“What do we do now?” That’s the first question I asked my husband after PHILVOCS decreased the alert level to 2.
We still live in fear. We are more anxious. We’re sad seeing the remnants of the eruption. People are pretending to feel okay; faking it until they make it, so to speak. A simple daily routine becomes an obstacle. Before, we’d wake up early to get ready for school and work. Now, we’d rather homeschool them. Their healths are compromised due to visible ashfall aftermath. Although some places are already presentable, the air isn’t safe, especially, to those children who have asthma. I’m flabbergasted as to how the schools or the city government could just brush off everything and back to the normal routine.
The Coronavirus and back to back hospitalization
Just as we were starting over, Tagaytay is yet under trial again. However, this time, the whole nation is affected. Frankly speaking, I am not really happy with how this year is treating everyone. Earlier this year, the Taal erupted and we were clueless! We were shocked. We aren’t even done with cleaning the ashfall yet another trial was given to us. A week after staying in our Tagaytay apartment, my son caught a virus and was rushed to the ER. His Oxygen level was 93 and gasping for air. He was admitted for three days. After a few days, I got terribly sick. I had severe diarrhea that resulted in mild dehydration. Luckily, I wasn’t admitted. My immune system fought it naturally. Wait, there’s more!
A week after, Elsen got admitted again. This time, he had amoebiasis. We went to Qualimed Hospital in Sta. Rosa and was treated fairly. I was like, “Really, Lord? Don’t you want to give this child a break? Or us a break from a financial burden?” I mean even the Philhealth didn’t want to believe that my son is yet admitted again. I was frustrated. My faith was gone. I stopped praying. When Elsen’s oxygen level was dropping, I got scared. I cried like there was no tomorrow. We stayed at the hospital for five days. When we finally got our discharge notice, we were happy. We were hopeful. We planned to go to the beach. We planned to have a house warming.
But, no. A week after, the coronavirus was declared by WHO as a pandemic. Therefore, all communities were on quarantine and lockdown.
I’m suffering from this disease called a “writer’s block.” HAHA. I don’t know, I love writing but I get so technical every time, so I will just stop. They say a change of scenery might help. Not really. I can go to Starbucks with a great view of Taal yet I can’t gather my thoughts.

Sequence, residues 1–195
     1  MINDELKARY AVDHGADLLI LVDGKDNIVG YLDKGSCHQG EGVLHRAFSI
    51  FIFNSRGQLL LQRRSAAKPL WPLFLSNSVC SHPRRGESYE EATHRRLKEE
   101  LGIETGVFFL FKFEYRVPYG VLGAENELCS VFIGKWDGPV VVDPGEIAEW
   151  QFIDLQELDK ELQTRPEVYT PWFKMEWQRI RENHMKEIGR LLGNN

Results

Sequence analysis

But last night, I felt extra energy for me to write articles for different publications. I started writing at 3 am. I’m still writing now at 11 am. I am tired and I am rushing to our food drive for our frontliners in Alfonso.
My friends on Facebook know I get panic attacks. And lately, my episodes are severe. I guess I am scared or anxious about what’s going on? How long do we need to wait for this to be over? That every time my son or husband would feel feverish, I would get confused and scared. I don’t know if I should message our Health Center or give it a day to make sure it was just a simple sore throat. Weather sucks here too. It’s hot and cold- the best combination for flu or cough, right?
But I know I am not alone. There are so many out there – especially, our front liners, health workers, and other essential people, who are not only physically drained but also emotionally and mentally. These people don’t get to go home and be with their families. But, I can. So, I thought, my feelings don’t matter.
“Hope is a good thing”- Andy Dufrense
I love The Shawshank Redemption movie. One of the sayings I like there was when Andy Dufrense told Red (played by Morgan Freeman), “hope is a good thing, if not the best of things.”
So, when I am admittedly irritated and frustrated, I will find myself in the kitchen cooking or baking. I am finding ways to help me get through this. Because if I am well, my family is well. If I am okay, everyone at home is and will be okay.
Therefore, we need to support each other. We need to work together.
Having had first-hand experience of the taal eruption, corruption during relief goods and fundraising, and how we unfairly treat our nature and wild animals, this pandemic will repeat itself. If we choose to continue treating our only home like this, this pandemic will be the new “normal” for us, for our children, and for the next generation.
If we can practice social distancing, let’s also practice “social listening.” Let’s listen and learn to respect each other. Stay home. Be safe. Drink your vitamins and supplements regularly. Ultimately, hydrate and pray aggressively!
There’s a common phrase that says “no pain, no glory.” And, it is attributed to the sculpting our body- or being physically healthy. But the truth is, everyone needs to work on one thing: FAITH. Our faith should remain steadfast. We will get through this. We have to believe this too shall pass.
How’s life during these trying times? Do you find this as a “blessing in disguise?”